I decided to interview the man for a Justify Your Existence piece. I figured I’d totally get him on that, but turns out I learned a thing or two (something I always enjoy doing as a journalist). Rather than drive to work every day, he takes a bike when he has to, and the rest of the time he works at home. His wife will use the family vehicle, in order to take the kids to school (they have three, ranging in age from about 3 to about 9, if I remember correctly). He’s very pro-environment and anti-car, despite living in a modest home in the suburbs.

Though still somewhat NIMBYish, the guy came off as a concerned father criticizing the creation of roads for the benefit of personal vehicles over public transportation.

Nice guy, nice wife, adorable kids. A fun way to spend an evening.

So why do I bring this up again?

The guy, 34-year-old Nicolas Stone, was arraigned in Longueuil today on charges he lured a 13-year-old girl into exposing herself online, and then had sex with her at least twice. I got a call from work to double-check it was the same guy.

The photo at right is stolen from his Facebook profile, since a scheduled photo shoot for that article fell through (had it happened, the paper would be running file art of the guy and his kids tomorrow).

All this to say, you can never tell just by looking at someone.

And this guy was worried about his kids crossing a busy street

UPDATE: Let’s be careful with wording (unlike 940 News who don’t think they have to qualify calling him a “predator”) since he hasn’t been convicted of anything yet. All of this is alleged by police. And you never know, there could be a completely innocent explanation for a 34-year-old father of three having sex with a 13-year-old girl.

UPDATE (May 28): He’s been denied bail.

UPDATE (Aug. 4, 2010): After pleading guilty, Stone has been sentenced to 10 years in prison, minus time served.

Symantec survey thinks highly of Symantec

In today’s press-release-masquerading-as-news, comes “Calgary is Canada’s safest cyber-city,” an edited version of this press release by anti-virus software maker Symantec.

Reading that, you might ask yourself how geography is relevant to online security or other stupid questions. But rather than take a comprehensive look at online fraud, bank/mail fraud, or information security practices of businesses and government, it commissions a poll that rates cities based on how many people say they’ve installed up-to-date anti-virus software on their computers.

Talk about thinking highly of yourself. Naturally, the solution to all this is to get more people to install anti-virus and other security software on their computers. And it just so happens…

The press release cherry-picks selections of some other data, without giving any idea how to get full breakdowns from them. Either way, all the data is based on what people say, not on what kinds of online crime actually happen in those cities.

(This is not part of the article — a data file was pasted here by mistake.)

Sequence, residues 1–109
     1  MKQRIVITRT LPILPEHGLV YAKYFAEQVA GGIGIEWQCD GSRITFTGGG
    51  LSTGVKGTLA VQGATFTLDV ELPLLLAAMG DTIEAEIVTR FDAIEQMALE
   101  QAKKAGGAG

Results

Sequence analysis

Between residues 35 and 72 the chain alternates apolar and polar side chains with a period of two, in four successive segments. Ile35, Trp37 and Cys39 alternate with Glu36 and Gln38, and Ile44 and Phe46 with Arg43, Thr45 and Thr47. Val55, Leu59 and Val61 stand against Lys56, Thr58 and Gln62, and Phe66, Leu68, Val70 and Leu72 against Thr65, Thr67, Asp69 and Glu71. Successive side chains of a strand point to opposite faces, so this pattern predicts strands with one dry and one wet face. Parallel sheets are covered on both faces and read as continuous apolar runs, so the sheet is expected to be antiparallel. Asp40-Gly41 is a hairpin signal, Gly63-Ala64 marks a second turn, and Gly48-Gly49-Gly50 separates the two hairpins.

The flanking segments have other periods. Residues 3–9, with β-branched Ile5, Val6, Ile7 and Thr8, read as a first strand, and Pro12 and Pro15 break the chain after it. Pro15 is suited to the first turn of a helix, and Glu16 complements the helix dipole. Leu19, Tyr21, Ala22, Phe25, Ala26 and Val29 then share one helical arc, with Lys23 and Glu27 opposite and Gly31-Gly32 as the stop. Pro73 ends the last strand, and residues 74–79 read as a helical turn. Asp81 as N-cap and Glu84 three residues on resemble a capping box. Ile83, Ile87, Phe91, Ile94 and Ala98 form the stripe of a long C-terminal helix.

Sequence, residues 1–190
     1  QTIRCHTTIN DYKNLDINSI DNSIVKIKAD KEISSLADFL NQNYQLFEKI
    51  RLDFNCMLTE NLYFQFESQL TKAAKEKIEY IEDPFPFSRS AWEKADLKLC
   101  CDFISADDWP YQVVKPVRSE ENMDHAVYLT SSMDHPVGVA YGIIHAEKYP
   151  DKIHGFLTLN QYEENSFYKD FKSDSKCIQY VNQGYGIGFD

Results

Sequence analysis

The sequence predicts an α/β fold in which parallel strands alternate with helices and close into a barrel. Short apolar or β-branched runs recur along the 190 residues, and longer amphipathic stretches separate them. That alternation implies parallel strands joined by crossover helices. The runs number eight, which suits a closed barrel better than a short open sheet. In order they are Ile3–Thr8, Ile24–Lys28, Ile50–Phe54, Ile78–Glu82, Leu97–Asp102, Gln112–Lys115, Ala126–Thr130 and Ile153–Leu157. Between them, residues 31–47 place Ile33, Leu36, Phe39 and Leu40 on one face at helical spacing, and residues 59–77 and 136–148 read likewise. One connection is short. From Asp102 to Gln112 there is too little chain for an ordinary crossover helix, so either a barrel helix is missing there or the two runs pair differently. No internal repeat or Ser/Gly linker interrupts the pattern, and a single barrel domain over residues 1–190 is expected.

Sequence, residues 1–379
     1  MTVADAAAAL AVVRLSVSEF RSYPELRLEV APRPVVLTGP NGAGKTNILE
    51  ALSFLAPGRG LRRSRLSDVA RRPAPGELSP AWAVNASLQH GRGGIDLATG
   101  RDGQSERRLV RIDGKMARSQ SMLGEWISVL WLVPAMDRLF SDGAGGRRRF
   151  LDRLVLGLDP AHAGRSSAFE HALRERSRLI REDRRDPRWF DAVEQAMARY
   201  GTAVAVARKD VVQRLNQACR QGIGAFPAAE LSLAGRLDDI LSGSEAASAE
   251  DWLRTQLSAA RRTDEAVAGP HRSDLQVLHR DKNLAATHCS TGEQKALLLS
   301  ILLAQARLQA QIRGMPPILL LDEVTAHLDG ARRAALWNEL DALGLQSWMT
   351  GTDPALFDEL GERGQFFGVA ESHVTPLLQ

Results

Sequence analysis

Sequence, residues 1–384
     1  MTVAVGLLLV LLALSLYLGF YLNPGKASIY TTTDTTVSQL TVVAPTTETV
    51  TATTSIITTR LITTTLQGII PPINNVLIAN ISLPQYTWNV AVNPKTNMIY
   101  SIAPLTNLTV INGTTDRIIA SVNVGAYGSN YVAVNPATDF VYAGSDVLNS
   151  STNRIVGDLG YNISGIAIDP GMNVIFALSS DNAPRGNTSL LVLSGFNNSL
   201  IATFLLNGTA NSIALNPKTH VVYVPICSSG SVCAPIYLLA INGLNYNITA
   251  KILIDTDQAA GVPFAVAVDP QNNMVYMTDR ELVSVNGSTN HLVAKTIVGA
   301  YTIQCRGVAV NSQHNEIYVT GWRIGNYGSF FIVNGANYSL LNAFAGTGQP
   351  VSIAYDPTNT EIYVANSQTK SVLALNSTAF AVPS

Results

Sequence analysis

Any bets on how many other news outlets will overlook these facts and run this as if it was a StatsCan report?

Kitty Metrovese

For those of you following the buck-passing on metro security passing the buck, we’re getting some interesting and, of course, contradictory reports from all sides. The STM says it never ordered anyone to stand by and laugh do nothing while some guy beats up on his girlfriend. The security workers union spokesperson says the police told them not to intervene while calling it “absurd”. And the public safety minister wants an investigation.

A few comments from the peanut gallery here. First, why is nobody talking about the report that the employee in the ticket booth refused to call 911? That doesn’t require putting anyone in danger, yet for some reason it was apparently refused. It’s unclear if that led even in part to delaying police arrival (they came 17 minutes later), but if it did I would expect that to be an even more serious story.

Second, why didn’t anyone do anything? There were plenty of ordinary people around who had plenty of time to bark at the metro employees. Why did they not intervene? The guy didn’t have a weapon. You could argue that putting people in harm’s way like that is dangerous, but if so why are these metro employees who don’t have arresting power, don’t carry firearms and are not supposed to intervene in these cases expected to do so?

Finally, with over a hundred police officers patrolling the metro, why were none in the system’s busiest station? Or the library or bus station next door? Why did it take police 17 minutes to get there?

UPDATE (Sept. 6): An “error in judgment” but no disciplinary action.